‘The Camino provides’ is an expression you might come across when reading about this very special network of trails. It means, no matter what challenges the Camino de Santiago throws at you, it will also help you find the answer. There are many lessons to be learnt from a Camino school trip, some of them will stay with students forever.
TIME TO REFLECT
Pilgrims of all ages do the Camino each year, for many it is a thoroughly enjoyable experience for some even life changing. A big part of this is the fact that the Camino de Santiago gives us time to reflect, to live in that particular moment and focus on the task we have at hand.
In a way, walking the Camino is similar to meditation or mindfulness; and that time for our brains to unwind can unlock precious new feelings and ideas.
Several hours of walking together each day is bound to bring people closer, as they navigate the challenges of the trail together, support and encourage each other.
The Camino gives students the chance to really connect, have long chats and work together towards their team goal: reaching Santiago de Compostela.
One valuable lesson from the Camino for pilgrims of all ages is the solidarity and camaraderie they will encounter on the Camino and that is the spirit of the trails.
A pilgrimage, a challenge, an adventure… The Camino de Santiago is all those things in one, and as such, the sense of achievement at the end will be a fantastic feeling for students to share together.
Undertaking a Camino school trip, whether for a week or longer, will be a rewarding group experience and the memories will stay with students for a long time.
LIVING WITH LESS
As they carry all their belongings on their backs (or pack them all in a small suitcase to be moved to the next stop), young pilgrims will learn to live with less, to manage on less material possessions and appreciate that happiness doesn’t come from material things.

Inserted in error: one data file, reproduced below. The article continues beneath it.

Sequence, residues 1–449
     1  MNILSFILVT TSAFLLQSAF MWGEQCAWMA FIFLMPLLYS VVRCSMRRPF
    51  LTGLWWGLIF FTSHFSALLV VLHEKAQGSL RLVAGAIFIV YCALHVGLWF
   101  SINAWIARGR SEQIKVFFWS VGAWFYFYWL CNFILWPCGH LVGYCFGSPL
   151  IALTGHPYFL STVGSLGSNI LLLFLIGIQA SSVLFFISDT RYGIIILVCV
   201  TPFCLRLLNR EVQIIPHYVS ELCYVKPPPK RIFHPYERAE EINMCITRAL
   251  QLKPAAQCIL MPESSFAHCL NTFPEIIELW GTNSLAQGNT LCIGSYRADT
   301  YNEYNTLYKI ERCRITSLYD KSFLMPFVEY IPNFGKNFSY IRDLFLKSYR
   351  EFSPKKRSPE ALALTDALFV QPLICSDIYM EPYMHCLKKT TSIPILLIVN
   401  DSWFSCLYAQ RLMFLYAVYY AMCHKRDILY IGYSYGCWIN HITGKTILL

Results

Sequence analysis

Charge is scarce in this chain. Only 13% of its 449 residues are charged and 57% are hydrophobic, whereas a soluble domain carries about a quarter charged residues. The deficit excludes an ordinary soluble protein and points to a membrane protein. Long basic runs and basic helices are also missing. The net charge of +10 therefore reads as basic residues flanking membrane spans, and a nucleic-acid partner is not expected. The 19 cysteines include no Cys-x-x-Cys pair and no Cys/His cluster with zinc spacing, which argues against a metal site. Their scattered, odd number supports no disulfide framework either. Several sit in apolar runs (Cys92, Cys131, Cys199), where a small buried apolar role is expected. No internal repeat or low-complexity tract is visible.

HISTORY AND CULTURE
Since the discovery of the remains of Saint James in the 9th century, pilgrims from all over the world have made their way to Santiago de Compostela to pay their respects. Santiago would then become one of the most important pilgrimage destinations in the Christian world along with the Holy Land and Rome.
Many of the churches, bridges and monuments we see along the trails today were in fact built in the Middle Ages to facilitate the journey of devout pilgrims on their way to Santiago, at a time when travel and pilgrimage was a dangerous quest.
Pilgrimage might have changed a lot since the Middle Ages but for students it is fascinating to feel they are walking the same trails taken by pilgrims all those hundred of years ago.
Some pilgrims back then would actually walk the Camino on behalf of other people, in some cases for money; and in some countries walking the Camino was imposed as a penalty for certain crimes.
If you are preparing your school group to walk the Camino de Santiago, you can find more information about the history of the trail here: History of the Camino de Santiago and Interesting Facts about the Camino.
Traveling abroad is always the best time for students to practice their language skills and the Camino is no different in this sense.
Along the route they will be able to put to good use their Spanish lessons with pilgrims, locals and in cafes and shops.
One very handy line to know is ‘Buen Camino!’ or ‘Bon Camiño’, a greeting used between pilgrims and locals to wish a safe and enjoyable Camino journey.
It will also give them an insight into the cultural and linguistic diversity of Spain: if they are walking in Galicia they will encounter Galician language, which is the language of Galicia and widely spoken, for instance.
Find some suggestions for your Camino school trip here: CAMINO DE SANTIAGO FOR SCHOOLS
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